In most of the Western world, hand washing clothes is something reserved for a wardrobe's delicate items. It's generally something for expensive clothes taken to the dry cleaners. In Africa, hand washing is a privilege extended to every shirt or pair of socks. The majority of safari lodges provide a laundry service and in many upmarket lodges, it's something that's included in your package. Clothes are hand-washed and then dry in the sun, something that respects the landscape's limited water and electricity. With this service, you don't necessarily need a new outfit for every day. Furthermore, it's hardly the place for a fashion carousel when there's millions of wild mammals and just a handful of other people.

The Standard African Safari Packing List

For a quick snapshot, the following would be a standard packing list for anyone going on an African safari. These items are listed in order of importance.

  • High-SPF sunscreen and a sunhat.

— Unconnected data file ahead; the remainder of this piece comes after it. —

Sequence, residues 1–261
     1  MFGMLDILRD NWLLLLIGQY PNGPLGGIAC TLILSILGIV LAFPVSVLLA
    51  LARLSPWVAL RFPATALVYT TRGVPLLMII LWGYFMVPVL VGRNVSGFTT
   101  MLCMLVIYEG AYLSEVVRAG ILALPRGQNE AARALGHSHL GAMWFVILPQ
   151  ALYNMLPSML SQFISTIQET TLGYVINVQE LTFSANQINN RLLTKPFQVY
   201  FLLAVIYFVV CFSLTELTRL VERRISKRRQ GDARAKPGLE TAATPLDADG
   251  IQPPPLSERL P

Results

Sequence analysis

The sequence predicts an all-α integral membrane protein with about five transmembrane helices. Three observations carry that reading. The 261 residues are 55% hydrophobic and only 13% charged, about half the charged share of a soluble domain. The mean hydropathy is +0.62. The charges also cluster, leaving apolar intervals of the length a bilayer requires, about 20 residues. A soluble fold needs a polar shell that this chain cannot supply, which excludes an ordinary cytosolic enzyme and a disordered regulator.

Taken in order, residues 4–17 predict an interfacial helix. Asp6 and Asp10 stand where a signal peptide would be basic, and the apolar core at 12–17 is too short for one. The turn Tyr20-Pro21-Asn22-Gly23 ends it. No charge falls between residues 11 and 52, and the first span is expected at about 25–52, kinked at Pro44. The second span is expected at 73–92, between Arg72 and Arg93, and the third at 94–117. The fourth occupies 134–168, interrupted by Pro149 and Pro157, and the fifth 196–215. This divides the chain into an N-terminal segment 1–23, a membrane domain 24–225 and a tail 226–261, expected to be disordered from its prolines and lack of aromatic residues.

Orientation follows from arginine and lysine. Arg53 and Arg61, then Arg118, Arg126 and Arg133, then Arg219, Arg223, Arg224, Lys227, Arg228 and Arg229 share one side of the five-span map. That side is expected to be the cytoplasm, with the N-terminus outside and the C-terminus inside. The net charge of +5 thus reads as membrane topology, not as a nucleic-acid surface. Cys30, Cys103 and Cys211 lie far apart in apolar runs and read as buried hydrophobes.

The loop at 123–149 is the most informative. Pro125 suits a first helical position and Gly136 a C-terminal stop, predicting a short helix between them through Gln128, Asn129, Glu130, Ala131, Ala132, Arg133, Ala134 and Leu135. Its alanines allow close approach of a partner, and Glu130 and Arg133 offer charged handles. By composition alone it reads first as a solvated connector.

• Comfortable lightweight clothes of neutral colors.
  • Comfortable closed shoes.
  • A light fleece or sweater for the evenings.
  • Insect repellent.

That's it. There's no magical list that runs into pages and pages. Focus on being comfortable and remember that while you're heading into the wilderness, you are on a fully-guided experience.

The majority of Africa's safari destinations have hot and sometimes challenging climates. These infertile landscapes haven't been tamed by man and continue to the realm of the savannah specialists: predatory cats, grazers, tree-bashing elephants, rumbustious hippos. Many provide this wilderness feel because they're completely unsuitable for growing crops or sustaining large human populations. At the same time, these dry desert-like climates can drop surprisingly cold at night, with the temperature not rising again until the morning sun floats above the landscape. Driving in an open safari vehicle at dawn can be chilly, with the guide is wrapped up in a wooly hat and thick coat. Two hours later everyone is back down to just a t-shirt.